“It’s come a long way from when I first started going to shows, hearing bands play songs called ‘Fanny Punch’ that were slut-shaming or whatever. Nobody questioned it then, but now people are more ready to create change. It doesn’t hurt that more women are getting involved in the scene and that people are taking notice of why we’re here. At the end of the day, everybody comes to these shows for the same reason – it’s not because you want to hear amazing musicianship or solos, you’re here for the atmosphere.”

It’s this ethic that likens hardcore so much to punk, though Jimmy is quick to point out the differences. “Hardcore and punk share the same ethics, but the approach is very different. The thing I loved about hardcore was that it wasn’t all about dressing a particular way, it was much more about being yourself and being able to do that in jeans, Nikes or shorts, rather than having to have a mohawk or whatever. They still share a connection, but hardcore has evolved so much from where it started.”

One thing Higher Power certainly do have in common with the punk bands of old, however, is a sense of dedication and adventure. Like a living re-enactment of Henry Rollins’ seminal Get In The Van, Higher Power are a working band, touring consistently both at home and abroad. On the evening of our chat Jimmy has just got in from his first day back at work, less than 48 hours after completing a European tour with Terror.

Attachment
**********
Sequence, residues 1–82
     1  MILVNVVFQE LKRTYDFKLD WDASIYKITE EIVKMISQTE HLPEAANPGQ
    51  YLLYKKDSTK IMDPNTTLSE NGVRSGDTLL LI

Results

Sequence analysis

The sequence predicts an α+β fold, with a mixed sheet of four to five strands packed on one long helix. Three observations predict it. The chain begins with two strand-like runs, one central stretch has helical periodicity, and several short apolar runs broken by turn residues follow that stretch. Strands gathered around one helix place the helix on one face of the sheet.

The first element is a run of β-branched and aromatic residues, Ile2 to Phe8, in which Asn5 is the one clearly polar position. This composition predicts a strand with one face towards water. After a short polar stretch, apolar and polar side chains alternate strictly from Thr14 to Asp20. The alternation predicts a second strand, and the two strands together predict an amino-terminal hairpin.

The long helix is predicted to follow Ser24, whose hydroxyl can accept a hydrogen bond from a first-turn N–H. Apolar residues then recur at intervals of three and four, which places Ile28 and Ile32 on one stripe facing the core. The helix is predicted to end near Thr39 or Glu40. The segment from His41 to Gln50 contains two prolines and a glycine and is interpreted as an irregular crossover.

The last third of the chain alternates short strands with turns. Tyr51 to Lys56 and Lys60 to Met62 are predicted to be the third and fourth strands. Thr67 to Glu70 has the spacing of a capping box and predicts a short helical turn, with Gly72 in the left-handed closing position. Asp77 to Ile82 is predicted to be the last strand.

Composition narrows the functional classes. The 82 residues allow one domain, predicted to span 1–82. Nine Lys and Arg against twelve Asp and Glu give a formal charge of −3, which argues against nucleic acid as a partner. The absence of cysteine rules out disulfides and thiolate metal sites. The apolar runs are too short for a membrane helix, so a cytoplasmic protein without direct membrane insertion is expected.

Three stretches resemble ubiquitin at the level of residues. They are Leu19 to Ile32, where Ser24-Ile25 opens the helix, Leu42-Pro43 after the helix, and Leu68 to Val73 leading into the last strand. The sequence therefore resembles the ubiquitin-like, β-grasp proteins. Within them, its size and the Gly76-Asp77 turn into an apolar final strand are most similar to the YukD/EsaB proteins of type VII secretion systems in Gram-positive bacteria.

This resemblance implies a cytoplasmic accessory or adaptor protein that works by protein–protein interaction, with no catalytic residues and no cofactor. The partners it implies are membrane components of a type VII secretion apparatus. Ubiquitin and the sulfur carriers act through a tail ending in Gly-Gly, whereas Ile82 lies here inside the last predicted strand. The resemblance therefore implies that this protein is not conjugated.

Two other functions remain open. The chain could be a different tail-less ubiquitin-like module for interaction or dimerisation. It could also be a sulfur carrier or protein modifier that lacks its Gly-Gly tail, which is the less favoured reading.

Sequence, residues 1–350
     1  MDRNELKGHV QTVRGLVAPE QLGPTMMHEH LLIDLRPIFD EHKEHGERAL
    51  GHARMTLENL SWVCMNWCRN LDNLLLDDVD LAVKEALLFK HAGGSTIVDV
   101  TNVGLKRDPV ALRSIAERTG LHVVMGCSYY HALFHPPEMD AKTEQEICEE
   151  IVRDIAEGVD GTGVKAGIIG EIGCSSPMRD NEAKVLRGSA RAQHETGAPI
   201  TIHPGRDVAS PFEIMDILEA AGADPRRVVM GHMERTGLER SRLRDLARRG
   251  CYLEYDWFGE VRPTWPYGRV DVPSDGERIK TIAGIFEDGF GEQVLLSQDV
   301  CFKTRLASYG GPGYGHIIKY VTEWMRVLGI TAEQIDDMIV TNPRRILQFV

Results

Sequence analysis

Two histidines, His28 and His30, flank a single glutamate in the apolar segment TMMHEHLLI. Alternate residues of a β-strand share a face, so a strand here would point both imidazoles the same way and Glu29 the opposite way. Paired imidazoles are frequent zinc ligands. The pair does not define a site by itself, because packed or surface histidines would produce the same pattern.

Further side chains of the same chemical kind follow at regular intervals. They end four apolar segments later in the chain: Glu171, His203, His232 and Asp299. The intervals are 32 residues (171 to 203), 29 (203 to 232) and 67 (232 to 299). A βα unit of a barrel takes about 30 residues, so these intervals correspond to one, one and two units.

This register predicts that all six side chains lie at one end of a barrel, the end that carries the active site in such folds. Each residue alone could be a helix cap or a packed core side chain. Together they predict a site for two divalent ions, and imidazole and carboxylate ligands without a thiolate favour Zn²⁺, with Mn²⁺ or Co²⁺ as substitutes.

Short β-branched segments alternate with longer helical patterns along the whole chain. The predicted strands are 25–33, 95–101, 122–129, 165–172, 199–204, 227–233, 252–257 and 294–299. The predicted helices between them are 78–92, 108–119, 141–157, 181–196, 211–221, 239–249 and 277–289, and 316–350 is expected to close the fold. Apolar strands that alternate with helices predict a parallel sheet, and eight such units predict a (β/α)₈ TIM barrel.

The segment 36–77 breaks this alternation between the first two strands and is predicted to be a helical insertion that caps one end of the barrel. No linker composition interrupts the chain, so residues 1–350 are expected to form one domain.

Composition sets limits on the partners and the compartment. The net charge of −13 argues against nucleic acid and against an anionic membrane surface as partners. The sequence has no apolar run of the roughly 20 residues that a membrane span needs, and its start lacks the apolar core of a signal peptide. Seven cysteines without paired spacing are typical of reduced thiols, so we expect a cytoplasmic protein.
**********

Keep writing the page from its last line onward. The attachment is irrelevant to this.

Pragmatic to a fault, Jimmy hasn’t got time for sharing stories of debauchery and prima donna rockstar behaviour – instead he paints Europe as a touring band’s paradise; a strong DIY ethic meaning bands can often look forward to having a guaranteed place to stay. That might not sound like much, but when constant political upheavals threaten every band’s ability to tour (and in turn push ticket prices sky high for bands coming to the UK), it’s good to know that some aspects of the rock n roll lifestyle haven’t died out and that touring is still king.

Soul Structure will only get out there through us touring. That’s what we plan to do – keep touring, play bigger shows and expose our band to more people. Hopefully they’ll get the record when it’s out!”

Released just ahead of festival season, Soul Structure is anything but your average beer-chugging party record. Instead, it is an ambitious debut that draws inspiration from some of the hardcore genre’s greatest acts, whilst offering up a unique modern twist. True to the hardcore spirit, this album is all about forging your own path and ideals – a sentiment reflected on the album’s closing refrain “I’ll build my own soul structure”. The past couple of years have been defined by great debuts by British bands, be it Vultures by God Damn, Milk Teeth’s Vile Child, or Creeper’s Eternity in Your Arms. That’s pretty illustrious company to keep, but Higher Power achieve it through sheer determination, hard work and chutzpah – a band ripped straight out the pages of Our Band Could Be Your Life.

Soul Structure is out now through Venn Records and Flatspot Records.